Rocky‘s The Meat Action Figure
In 1976, Jakks Pacific created a line of action figures to coincide with the release of everyone’s favorite bruiser, Rocky. What the toymakers didn’t consider is that the strange toy actually encouraged kids to “beat their meat.” The Meat was a plastic slab of beef that resembled the one Rocky practiced boxing in the movie. The fleshy toy also included a bloody apron that looked more like a prop for a Texas Chainsaw Massacre collection than one about a lowly Philly dude who became a champion in the ring.
Harry Potter‘s Nimbus 2000 Vibrating Broomstick
Mattel’s Nimbus 2000 Broomstick seemed like a fun toy for tiny Harry Potter fans that yearned to whoosh across the sky like their favorite wizard. Soon, though, parents began to discover that the broom vibrated, and it began to make sense why children were locked away in their room for hours fixated on the magical broomstick. Mattel caught on and pulled the product from shelves, but some of the lingering toy reviews floating around are amusing to read after the fact.
“My 12 year old daughter is a big Harry Potter fan, and loved the part with the Nimbus 2000, so I decided to buy her this toy. I was afraid she would think it was too babyish, but she LOVES this toy. Even my daughter’s friends enjoy playing with this fun toy. I was surprised at how long they can just sit in her room and play with this magic broomstick! A great buy for any Harry Potter fan! 🙂 —Ashley, TX”
The Birds‘ Barbie Doll
Manufactured since 1959, Mattel’s Barbie empire has had a long history of entertainment tie-ins, but one of the weirdest has to be this Hitchcock-inspired doll. The Birds‘ Barbie features a plastic Melanie Daniels — played Tippi Hedren in the 1963 film. The socialite figure comes with a few bloodthirsty crows that appear to be attacking her and a set of detachable eyeballs — at least according to one Amazon reviewer:
“A great addition to any Hitchcock Barbie collection. Just remember to hang onto the detachable eyes. Once the charm of empty sockets wears off you may want to replace one or both.”
The Barbie was created for the Black Label collection, which means it wasn’t necessarily geared toward children, but it’s still a bizarre toy mashup more than worthy of inclusion in our list.
A Nightmare on Elm Street‘s Freddy Fright Squirter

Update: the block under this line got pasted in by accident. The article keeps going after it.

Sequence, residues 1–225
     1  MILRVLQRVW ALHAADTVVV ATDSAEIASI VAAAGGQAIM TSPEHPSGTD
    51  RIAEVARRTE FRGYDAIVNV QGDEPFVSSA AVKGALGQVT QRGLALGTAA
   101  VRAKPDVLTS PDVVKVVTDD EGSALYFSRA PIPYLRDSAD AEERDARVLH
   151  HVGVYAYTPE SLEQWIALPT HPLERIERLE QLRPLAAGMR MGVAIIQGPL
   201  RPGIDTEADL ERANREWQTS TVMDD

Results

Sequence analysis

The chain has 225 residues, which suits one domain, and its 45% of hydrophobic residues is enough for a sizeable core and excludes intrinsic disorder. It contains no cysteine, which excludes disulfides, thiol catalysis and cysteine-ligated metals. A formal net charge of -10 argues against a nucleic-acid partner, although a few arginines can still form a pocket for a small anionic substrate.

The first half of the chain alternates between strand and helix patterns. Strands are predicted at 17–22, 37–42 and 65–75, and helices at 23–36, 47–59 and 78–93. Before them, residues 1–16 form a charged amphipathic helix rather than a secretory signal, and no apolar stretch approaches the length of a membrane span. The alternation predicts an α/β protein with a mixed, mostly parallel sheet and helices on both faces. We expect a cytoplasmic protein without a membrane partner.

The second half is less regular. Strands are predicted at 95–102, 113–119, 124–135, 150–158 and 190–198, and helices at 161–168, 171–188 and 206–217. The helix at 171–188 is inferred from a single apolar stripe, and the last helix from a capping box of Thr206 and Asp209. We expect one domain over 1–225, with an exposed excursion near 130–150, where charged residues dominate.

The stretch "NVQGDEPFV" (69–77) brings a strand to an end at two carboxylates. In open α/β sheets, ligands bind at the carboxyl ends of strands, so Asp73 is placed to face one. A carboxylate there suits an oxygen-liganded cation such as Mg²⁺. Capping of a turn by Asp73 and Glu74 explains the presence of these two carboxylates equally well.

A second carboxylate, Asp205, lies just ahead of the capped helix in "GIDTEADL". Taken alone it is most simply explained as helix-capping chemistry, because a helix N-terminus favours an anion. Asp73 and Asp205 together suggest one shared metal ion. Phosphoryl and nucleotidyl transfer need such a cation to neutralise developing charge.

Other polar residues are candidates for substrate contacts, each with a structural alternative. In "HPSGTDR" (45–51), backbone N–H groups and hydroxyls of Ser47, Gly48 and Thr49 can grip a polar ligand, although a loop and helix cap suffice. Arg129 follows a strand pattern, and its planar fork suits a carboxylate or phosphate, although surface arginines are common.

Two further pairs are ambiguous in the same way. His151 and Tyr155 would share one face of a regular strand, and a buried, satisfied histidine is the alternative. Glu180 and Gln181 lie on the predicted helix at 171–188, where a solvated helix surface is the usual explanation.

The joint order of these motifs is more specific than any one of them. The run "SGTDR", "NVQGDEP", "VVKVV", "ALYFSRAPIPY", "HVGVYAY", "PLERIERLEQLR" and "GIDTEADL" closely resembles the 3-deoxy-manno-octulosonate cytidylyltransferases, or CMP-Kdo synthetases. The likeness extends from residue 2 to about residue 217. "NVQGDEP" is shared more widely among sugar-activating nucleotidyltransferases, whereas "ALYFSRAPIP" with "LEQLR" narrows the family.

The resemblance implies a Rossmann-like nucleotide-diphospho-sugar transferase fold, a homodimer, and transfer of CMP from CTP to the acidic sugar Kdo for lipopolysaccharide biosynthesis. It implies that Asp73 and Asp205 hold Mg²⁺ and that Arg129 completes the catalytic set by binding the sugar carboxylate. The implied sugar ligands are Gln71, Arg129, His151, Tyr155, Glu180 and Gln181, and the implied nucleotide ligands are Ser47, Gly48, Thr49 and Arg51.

You’d think marketing a toy line featuring a pizza-faced child molester/murdering madman would be a difficult venture, but if the 1980s and early ’90s proved anything, it was that Freddy Krueger was king amongst kids everywhere. The five-fingered fiend spawned numerous sinister toys that didn’t always make sense — like this Freddy Fright Squirter, for example. The hollowed out head of Elm Street’s dream demon acted like a creepy water gun — bearing no resemblance to anything that actually happened in the film series. It was Freddy’s finger knives that did the killing, not his salivary gland problem. There’s also something really eerie about the photo of a giggling child hoisting a disembodied, spitting Freddy head into the air — as pictured on the product packaging.
Nothing says playtime like a bootleg toy mashup (swapping “Transformers” for “Transformables”) of a national tragedy and a Michael Bay film. The Titanic-Bot transforms from robot to sunken passenger liner in just a few simple steps — evoking the deaths of 1,517 people and cinematic destructo porn.
Star Wars‘ Force Beam
Every kid wanted to be a Jedi Knight wielding a lightsaber after seeing Star Wars for the first time. In 1977, one company invented a horrible knockoff of the honorable plasma weapon when they created the Force Beam. Essentially a giant plastic flashlight with a clear tube that utilized a green filter and ran off D-batteries, the Force Beam (worst name ever) recalled Lucas’ awe-inspiring galaxy far, far away in the cheapest way imaginable.
Alien‘s Action Figure
Clearly an R-rated film that features chestbursting aliens, slimy facehuggers, and the pervy, biomechanical designs of H.R. Giger is the perfect inspiration for a child’s action figure. Kenner thought so, anyway. In 1979 the toy company released its version of the murderous space monster that came complete with breakable, choking parts. The toy caused a stir amongst parent groups who kept it off the shelves for years, until the ’90s arrived and it reappeared. At that point, moms were more worried about things like gangster rap versus phallic alien beings.
The Karate Kid‘s Mr. Miyagi Action Figure
Even though The Karate Kid‘s Mr. Myagi is kind of a badass — he’s a decorated Army vet who has seen his share of carnage — most people really only remember him as the weird maintenance man in Daniel LaRusso’s apartment building who fiddles with bonsai trees. That’s why it’s a bit strange that Remco created a Mr. Myagi action figure, featured in this ’80s commercial that even has one kid performing his best racist Asian accent.
Twilight‘s Barbie Dolls
Twilight fandom has perhaps inspired more weirdness than any other movie-tie in, but Stephenie Meyer’s supernatural teens turned Barbie dolls are the toys we’re looking at. The Bella doll seems mostly normal, and we can even live with creepy Edward and his hair, but one look at the Jacob Barbie got us wondering. The company went so far as to create a shirtless doll with rippling abs and a tattoo, but left off the nipples (probably matching the ambiguous Ken crotch between his legs). Sexualized, topless boys are ok for little girls, but actual human anatomy isn’t?
The Incredible Hulk‘s Hulkey Pokey
The Hulkey Pokey completely emasculates the Marvel Comics’ character, the Hulk, by offering children a plushy, friendly doll that dances and sings. It might not be so bad if they hadn’t made the raging humanoid behemoth so damn dorky.